Lead With Your Left and The Best That Ever Did It by Ed Lacy - book review: A riveting, stimulating novel, with a particularly engaging, likeable protagonist

Lead With Your Left and The Best That Ever Did It by Ed Lacy
Lead With Your Left and The Best That Ever Did It by Ed Lacy

Using the pseudonym Ed Lacy, American novelist Len Zinberg achieved fame as a writer of critically successful mysteries in the 1950s and ’60s.

Winner of an Edgar Award for best novel in 1957 for Room to Swing, a typically hard-hitting story featuring African-American private detective Toussaint Moore, Lacy’s thirty novels have sold more than 28 million copies.

Lead With Your Left and The Best That Ever Did It, two of the author’s finest works, are a pair of taut, fast-paced detective stories that are noted for their gritty realism and sharply defined central characters.

Singled out by Edgar and Anthony Award-winning biographer Marvin Lachman as worthy of rediscovery, these two forgotten novels are reprinted this month in a Stark House combined edition.

The first story, initially published in 1956 in Mercury mystery book magazine as Keep an Eye on the Body and serialised in newspapers, was expanded and published by Harper & Brothers in January 1957 under the title Lead With Your Left.

Engrossing and action-packed, it features a very ‘cocky’ 21-year-old New York police detective named David Wintino who is assigned a homicide case involving a retired policeman shot dead in an alleyway while working as a messenger for a brokerage house.

Hot-headed and ‘a know-it-all,’ the baby-faced Wintino, who looks barely old enough to be in the boy scouts, is a clever, dogged detective who works hard and gets results. Despite no firm leads and department disinterest, he becomes fixated on the murder, obsessively working around the clock to find the culprit.

A second related cop killing, suggesting that these murders aren’t motivated by robbery, leads him to investigate the men’s past, including an intriguing cold case from sixteen years earlier involving a bootlegger named Sal Kahn who was sent to the electric chair.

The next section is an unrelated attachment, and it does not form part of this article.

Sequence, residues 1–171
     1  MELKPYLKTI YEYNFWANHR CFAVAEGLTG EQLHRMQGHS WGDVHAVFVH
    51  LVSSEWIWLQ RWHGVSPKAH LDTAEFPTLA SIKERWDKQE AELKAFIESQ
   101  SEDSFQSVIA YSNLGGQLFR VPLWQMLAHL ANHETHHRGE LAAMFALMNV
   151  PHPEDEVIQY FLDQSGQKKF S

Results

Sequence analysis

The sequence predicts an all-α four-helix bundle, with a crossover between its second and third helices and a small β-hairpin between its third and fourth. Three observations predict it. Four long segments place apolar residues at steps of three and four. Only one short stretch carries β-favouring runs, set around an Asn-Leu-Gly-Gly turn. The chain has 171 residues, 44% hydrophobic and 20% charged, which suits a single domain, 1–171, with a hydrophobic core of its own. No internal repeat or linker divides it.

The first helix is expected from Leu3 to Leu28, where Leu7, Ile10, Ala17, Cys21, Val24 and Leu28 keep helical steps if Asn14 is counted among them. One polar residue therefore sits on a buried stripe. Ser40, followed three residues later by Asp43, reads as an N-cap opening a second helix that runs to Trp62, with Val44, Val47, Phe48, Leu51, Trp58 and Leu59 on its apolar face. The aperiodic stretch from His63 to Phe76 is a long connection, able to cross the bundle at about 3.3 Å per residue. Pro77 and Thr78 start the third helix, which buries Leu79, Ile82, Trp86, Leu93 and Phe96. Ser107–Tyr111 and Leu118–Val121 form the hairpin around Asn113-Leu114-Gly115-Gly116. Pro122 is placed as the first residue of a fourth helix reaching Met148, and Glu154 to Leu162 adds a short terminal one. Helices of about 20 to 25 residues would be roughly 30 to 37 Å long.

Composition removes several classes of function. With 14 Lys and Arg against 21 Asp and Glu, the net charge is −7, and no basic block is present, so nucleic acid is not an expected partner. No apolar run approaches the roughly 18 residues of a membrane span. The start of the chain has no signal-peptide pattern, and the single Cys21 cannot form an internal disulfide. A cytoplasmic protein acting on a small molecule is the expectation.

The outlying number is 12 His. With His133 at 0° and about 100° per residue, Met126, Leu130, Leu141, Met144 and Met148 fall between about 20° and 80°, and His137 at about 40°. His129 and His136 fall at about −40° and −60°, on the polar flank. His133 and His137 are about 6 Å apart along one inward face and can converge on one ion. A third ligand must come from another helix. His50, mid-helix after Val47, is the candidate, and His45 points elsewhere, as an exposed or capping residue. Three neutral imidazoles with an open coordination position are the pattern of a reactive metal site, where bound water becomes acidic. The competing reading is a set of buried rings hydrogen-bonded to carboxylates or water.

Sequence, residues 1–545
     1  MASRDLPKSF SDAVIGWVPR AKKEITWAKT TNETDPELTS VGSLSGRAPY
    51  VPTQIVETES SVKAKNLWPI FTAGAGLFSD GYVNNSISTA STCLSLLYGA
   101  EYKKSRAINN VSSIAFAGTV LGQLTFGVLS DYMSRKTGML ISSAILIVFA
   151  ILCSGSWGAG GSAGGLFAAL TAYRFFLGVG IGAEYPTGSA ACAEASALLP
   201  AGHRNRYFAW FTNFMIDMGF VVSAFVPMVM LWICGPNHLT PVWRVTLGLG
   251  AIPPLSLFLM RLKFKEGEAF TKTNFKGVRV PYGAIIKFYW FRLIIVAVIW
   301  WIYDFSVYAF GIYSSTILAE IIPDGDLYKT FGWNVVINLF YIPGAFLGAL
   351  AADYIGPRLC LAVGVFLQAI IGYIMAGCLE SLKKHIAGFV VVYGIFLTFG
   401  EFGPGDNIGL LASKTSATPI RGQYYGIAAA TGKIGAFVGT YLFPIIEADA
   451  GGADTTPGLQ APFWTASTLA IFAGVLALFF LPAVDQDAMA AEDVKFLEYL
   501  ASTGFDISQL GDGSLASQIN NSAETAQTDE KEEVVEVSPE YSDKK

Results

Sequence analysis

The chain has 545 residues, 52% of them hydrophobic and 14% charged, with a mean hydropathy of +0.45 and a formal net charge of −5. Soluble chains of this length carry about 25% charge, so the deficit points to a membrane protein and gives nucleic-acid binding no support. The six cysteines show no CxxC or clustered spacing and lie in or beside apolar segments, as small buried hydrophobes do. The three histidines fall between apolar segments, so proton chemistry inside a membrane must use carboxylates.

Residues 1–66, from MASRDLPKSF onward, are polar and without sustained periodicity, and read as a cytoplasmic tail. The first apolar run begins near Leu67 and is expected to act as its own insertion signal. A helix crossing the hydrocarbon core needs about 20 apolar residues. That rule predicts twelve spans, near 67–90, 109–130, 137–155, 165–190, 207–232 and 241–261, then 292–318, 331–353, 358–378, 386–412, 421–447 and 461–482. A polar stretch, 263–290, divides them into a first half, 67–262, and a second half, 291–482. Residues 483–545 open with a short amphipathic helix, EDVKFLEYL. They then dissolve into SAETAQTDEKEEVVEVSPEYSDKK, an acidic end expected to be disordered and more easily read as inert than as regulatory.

Interestingly, Lacy shifts the emphasis away from the murders and onto the personal life of his philosophical, empathetic narrator who is perpetually worried about money, career, and marital happiness.

A talented amateur boxer with a fierce left hook and a hot temper that has got him in trouble on numerous occasions, Wintino must contend with incessant derogatory remarks about his youthful appearance and short stature, as well as bigoted insults from colleagues on account of his Jewish and Italian heritage.

Wintino also works all the time, to the detriment of his marriage, making his frustrated wife Mary as ‘sore as a boil’ at him for his meagre salary, the long hours, and the risks he takes. Vain, proud, and career-driven, Wintino is married to the force and committed to solving these crimes, no matter what damage it does to his health and to his marriage.

The second novel, The Best That Ever Did It, published by Harper & Brothers in March 1955 as part of their hardback suspense series, is a lively, fascinating tale about a private eye’s investigation into the apparently motiveless killing of a contest winner and a police detective outside a dive bar in New York City.

Again, Lacy presents a three-dimensional, sympathetic narrator who strays from the norm… this time, Barney Harris, a big, tough, 18-stone car mechanic who moonlights as a private investigator.

Harris, a widower who is struggling to raise his six-year-old daughter by himself while working nights to pay the bills, is hired by Betsy Turner, the young wife of one of the victims, to learn the truth about her husband’s death.

Unsatisfied by the way the police investigation has gone and impressed by Harris' ‘honesty and frankness,’ she suspects that her husband may have been suicidal and deliberately allowed himself to be killed.

More accustomed to ’skip-tracing’ cars and ‘following two-timing husbands and wives around,’ Harris, who has never had a criminal case before, never carried a gun, and has not ‘slugged a man’ since he was ten years old, is inexperienced and somewhat out of his depth.

As Lieutenant Franzino puts it, the private eye badge Harris carries is ‘one degree above the kind they give out with box tops to kids.’

Despite his lack of experience and lowly status, Harris has the passion, drive, and natural instincts of a great detective. He is also a morally decent person who worries about those who ‘volunteered information’ coming to harm or being framed for murder, is unafraid to rebuke policemen for mistreating suspects and unnecessary violence, and has no qualms about withholding information from Franzino until it serves him to do so.

Famed New York Times book critic and author Anthony Boucher, an avid reader of Lacy’s work, selected The Best That Ever Did It as one of the best books of 1955, describing it as ‘the year's most original and off-trail variant on the private-eye theme.’

As with Lead With Your Left, it’s certainly a riveting, stimulating novel, with a particularly engaging, likeable protagonist, a sure-footed plot, believable characters, smart dialogue, and hard-hitting prose.

(Stark House Press, paperback, £15.95)